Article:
# 3.15: Untitled Page 41

## Chapter 3

control volumes and we can apply it to the arbitrary moving control volume shown in Figure 3‐13. The mass within the moving control volume is given by

 mass contained in 

 

dV

(3‐43)

any control volume

( )

a

V t

and the time rate of change of the mass in the control volume is expressed as

 time rate of change 

d

of the mass contained  

dV

(3‐44)

dt

in any control volume

( )

a

V t

In order to determine the net mass flow leaving the moving control volume, we simply repeat the development given by Eqs. 3‐18 through 3‐29 noting that the velocity of the fluid determined by an observer on the surface of the control volume illustrated in Figure 3‐13 is the relative velocity v r . This concept is illustrated in Figure 3‐14 where we have shown the volume of fluid leaving the Figure 3‐14. Volume of fluid crossing a moving surface dA during a time  t surface element dA during a time  t. On the basis of that representation, we express the macroscopic mass balance for an arbitrary moving control volume as

Single component systems

67

d

dV

  dA  0

r

v n

(3‐45)

dt V ( t)

A ( t)

a

a

The relative velocity is given explicitly by

v

v w

(3‐46)

r

thus the macroscopic mass balance for an arbitrary moving control volume takes the form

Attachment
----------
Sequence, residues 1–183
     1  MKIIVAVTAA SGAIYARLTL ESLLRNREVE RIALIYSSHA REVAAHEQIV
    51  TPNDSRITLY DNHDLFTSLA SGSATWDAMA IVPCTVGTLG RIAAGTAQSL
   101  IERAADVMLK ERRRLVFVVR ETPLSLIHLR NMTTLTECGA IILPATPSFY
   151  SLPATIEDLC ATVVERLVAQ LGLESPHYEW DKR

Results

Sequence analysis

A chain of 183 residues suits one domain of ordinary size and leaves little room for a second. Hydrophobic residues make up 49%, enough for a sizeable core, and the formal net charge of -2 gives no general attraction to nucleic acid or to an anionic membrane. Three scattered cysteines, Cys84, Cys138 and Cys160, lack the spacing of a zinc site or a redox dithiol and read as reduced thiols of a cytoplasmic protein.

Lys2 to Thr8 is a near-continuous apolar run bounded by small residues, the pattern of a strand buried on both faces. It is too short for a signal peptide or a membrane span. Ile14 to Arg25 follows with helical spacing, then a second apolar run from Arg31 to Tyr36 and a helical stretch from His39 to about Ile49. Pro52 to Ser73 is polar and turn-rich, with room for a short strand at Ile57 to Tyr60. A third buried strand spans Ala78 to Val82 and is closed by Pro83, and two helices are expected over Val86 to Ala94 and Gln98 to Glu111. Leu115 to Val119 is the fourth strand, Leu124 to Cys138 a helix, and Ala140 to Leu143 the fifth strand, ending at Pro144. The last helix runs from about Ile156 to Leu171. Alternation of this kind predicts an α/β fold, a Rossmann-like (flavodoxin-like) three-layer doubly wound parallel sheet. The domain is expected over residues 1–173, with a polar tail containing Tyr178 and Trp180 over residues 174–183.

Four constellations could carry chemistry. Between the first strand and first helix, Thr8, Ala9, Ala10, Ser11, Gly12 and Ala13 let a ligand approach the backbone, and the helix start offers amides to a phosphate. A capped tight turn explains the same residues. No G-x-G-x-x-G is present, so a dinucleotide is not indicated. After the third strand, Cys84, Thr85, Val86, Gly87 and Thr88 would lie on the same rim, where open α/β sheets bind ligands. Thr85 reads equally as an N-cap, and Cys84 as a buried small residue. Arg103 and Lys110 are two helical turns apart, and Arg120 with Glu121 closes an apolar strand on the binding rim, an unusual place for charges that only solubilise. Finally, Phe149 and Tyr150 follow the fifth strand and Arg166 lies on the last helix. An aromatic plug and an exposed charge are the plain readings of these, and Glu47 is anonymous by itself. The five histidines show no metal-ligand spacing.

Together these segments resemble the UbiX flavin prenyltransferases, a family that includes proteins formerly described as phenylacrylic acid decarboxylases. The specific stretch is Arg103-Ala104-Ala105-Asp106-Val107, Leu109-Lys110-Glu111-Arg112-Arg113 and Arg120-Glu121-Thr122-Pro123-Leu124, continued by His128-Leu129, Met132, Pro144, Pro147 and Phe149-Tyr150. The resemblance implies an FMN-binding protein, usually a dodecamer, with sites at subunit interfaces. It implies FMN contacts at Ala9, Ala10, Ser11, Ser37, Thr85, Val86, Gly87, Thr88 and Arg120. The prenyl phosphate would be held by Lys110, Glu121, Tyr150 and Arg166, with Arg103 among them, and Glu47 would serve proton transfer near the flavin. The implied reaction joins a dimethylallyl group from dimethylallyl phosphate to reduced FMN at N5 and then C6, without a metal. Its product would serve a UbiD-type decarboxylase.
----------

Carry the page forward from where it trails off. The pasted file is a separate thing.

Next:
d

dV

( 

) dA

v w n

0

(3‐47)

dt V ( t)

A ( t)

a

a

Here it is helpful to think of w as the velocity of an observer moving with the surface of the control volume illustrated in Figure 3‐13 and it is important to recognize that this result contains our previous results for a fluid body and for a fixed control volume. This fact is illustrated in Figure 3‐15 where we see that the arbitrary velocity can be set equal to zero, w  0 , in order to obtain Eq. 3‐29, and we see that the arbitrary velocity can be set equal to the fluid velocity, w v , in order to obtain Eq. 3‐7.

d

r dV +

r( - )× dA = 0

ò

ò v w n

dt

a

V (t)

Aa(t)

w = 0

w = v

d

r

d

dV +

r × dA = 0

ò

ò v n

r dV = 0

ò

dt

dt

V

A

( )

m

V t

Figure 3‐15. Axiomatic forms for the conservation of mass Clearly Eq. 3‐47 is the most general form of the principle of conservation of mass since it can be used to obtain directly the result for a fixed control volume and for a body.

EXAMPLE 3.4. Water level in a storage tank

A cylindrical API open storage tank, 2m in diameter and 3m in height,

68